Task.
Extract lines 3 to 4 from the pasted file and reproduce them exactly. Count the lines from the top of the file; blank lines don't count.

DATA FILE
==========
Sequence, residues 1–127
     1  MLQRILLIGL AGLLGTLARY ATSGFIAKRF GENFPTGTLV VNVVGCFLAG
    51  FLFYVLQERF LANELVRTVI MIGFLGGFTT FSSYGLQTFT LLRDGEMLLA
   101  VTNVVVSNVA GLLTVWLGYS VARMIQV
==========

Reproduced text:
    51  FLFYVLQERF LANELVRTVI MIGFLGGFTT FSSYGLQTFT LLRDGEMLLA
   101  VTNVVVSNVA GLLTVWLGYS VARMIQV